Las Vegas’ Mandalay Bay bets on the sure thing – the Sunny Tripower

This post was originally published in 2015. The tips and techniques explained may be outdated.

Mandalay Bay Las Vegas with Sunny Tripowers

The Mandalay Bay Resort Convention Center in Las Vegas is now home to the world’s second-largest rooftop PV array, an impressive 6.4 MW (DC). In a city synonymous with high rollers and higher stakes, Mandalay Bay and its parent company, MGM, knew solar was the best bet in town.

Manadalay Bay solar with Sunny Tripowers

Sunny Tripowers wait to be installed on the roof of the Mandalay Bay Resort Convention Center.

The convention center’s 20 acres of open roof offered a prime location for solar power. Once covered with more than 21,000 modules, the system’s peak generating capacity will offset 20 percent of the resort’s power demand. The system’s energy production is equivalent to powering 1,000 homes annually and is the first of its kind on the Las Vegas Strip.

Solar: The good gamble

MGM partnered with NRG, the nation’s largest independent power producer, to bring the system to life. It features a decentralized design, with more than 200 roof-mounted Sunny Tripowers converting the DC energy to AC to help power the gambling floor. The decentralized inverter layout made for optimal design capabilities, covering all 20 acres of space and taking advantage of the dual MPP trackers within each inverter for maximum energy production.

Additionally, the Sunny Tripower’s 15-degree mounting capability means the system is hidden from street view, while also not sacrificing the valuable space otherwise needed for ground-mounted central inverters. There is no other city where a building’s appearance matters more; thanks to the Sunny Tripower, the Mandalay Bay looks no different, but for those in the know it’s a powerful improvement.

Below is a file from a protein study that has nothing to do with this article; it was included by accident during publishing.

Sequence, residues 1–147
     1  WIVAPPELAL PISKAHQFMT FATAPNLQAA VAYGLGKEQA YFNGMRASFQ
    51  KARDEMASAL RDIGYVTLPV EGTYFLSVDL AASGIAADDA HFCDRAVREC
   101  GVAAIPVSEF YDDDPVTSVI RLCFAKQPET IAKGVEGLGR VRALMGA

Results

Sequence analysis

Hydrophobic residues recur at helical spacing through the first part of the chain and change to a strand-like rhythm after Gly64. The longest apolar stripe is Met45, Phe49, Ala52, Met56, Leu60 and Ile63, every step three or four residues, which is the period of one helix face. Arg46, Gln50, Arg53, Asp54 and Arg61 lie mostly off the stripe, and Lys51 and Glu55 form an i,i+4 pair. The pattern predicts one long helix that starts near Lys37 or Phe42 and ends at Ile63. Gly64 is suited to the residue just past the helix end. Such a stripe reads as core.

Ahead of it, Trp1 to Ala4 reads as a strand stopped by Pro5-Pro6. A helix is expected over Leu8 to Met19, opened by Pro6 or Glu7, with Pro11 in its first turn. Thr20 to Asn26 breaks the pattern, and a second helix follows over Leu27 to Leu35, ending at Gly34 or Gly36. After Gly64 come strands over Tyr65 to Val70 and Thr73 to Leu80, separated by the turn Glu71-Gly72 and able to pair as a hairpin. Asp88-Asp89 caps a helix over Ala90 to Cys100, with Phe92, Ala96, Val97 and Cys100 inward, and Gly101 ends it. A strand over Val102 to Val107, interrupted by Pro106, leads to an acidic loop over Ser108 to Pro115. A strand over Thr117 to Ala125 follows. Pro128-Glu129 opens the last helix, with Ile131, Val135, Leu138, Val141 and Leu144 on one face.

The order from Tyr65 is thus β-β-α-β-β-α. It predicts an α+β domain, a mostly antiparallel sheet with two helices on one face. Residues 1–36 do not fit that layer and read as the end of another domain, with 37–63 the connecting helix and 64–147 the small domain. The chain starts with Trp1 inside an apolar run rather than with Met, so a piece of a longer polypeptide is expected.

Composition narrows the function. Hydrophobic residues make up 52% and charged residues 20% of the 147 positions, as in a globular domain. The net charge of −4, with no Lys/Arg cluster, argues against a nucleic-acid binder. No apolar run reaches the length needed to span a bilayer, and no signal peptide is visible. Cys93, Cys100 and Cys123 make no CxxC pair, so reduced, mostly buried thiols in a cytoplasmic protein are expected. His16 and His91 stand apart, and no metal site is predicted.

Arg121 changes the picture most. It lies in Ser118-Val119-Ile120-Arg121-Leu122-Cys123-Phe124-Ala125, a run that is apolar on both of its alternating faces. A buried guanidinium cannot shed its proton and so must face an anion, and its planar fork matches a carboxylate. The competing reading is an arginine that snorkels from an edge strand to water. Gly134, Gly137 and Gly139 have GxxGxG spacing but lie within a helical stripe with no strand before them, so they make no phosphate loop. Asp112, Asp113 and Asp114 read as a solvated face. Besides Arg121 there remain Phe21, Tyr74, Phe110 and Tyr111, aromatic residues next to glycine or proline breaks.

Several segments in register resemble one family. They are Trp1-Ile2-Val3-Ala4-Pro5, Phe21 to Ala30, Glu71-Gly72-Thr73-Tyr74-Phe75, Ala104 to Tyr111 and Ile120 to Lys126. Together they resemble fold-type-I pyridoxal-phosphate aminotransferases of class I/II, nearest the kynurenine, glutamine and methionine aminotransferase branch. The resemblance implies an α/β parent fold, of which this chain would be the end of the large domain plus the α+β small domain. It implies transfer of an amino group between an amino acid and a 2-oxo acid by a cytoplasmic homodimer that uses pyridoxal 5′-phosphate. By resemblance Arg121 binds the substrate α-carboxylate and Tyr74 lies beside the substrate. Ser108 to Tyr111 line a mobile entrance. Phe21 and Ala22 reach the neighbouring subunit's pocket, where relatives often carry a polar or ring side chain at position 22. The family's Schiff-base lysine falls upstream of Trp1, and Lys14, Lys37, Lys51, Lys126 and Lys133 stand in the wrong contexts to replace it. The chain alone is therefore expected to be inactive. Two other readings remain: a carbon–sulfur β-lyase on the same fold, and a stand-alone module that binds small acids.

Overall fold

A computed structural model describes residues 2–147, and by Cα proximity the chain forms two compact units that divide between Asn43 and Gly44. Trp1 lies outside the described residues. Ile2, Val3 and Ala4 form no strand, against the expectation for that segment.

Mandalay Bay solar with Sunny Tipowers

The Mandalay Bay’s solar system basks in the same Las Vegas sunlight as pool-side guests.

An oasis of solar

Crowded sidewalks and packed casinos presented immense logistical challenges: delivering modules, inverters, racking and countless feet of PV wire and conduit without disrupting business operations. In a city that never slows, getting large volumes of equipment delivered and placed on the roof for installation made the nimble Sunny Tripower an even more attractive solution.

Once on the roof, the installation team fought through long days of brutal heat under the desert sun. Work on the system started in July, one of the hottest months of the year for Las Vegas, running through October before commissioning.

More solar to come

Immediately after completion, a second phase was announced for 2 MW (DC) in conjunction with the expansion of the convention center. Construction is scheduled for this year, bringing the system total to an incredible 8.4 MW (DC) by the end of 2015.

Once the second phase is completed, the entire system is estimated to save 6,300 metric tons of carbon emissions annually, the equivalent of removing 1,300 cars from the road. We’d say this was a gamble well worth taking.

Click here for a system case study.

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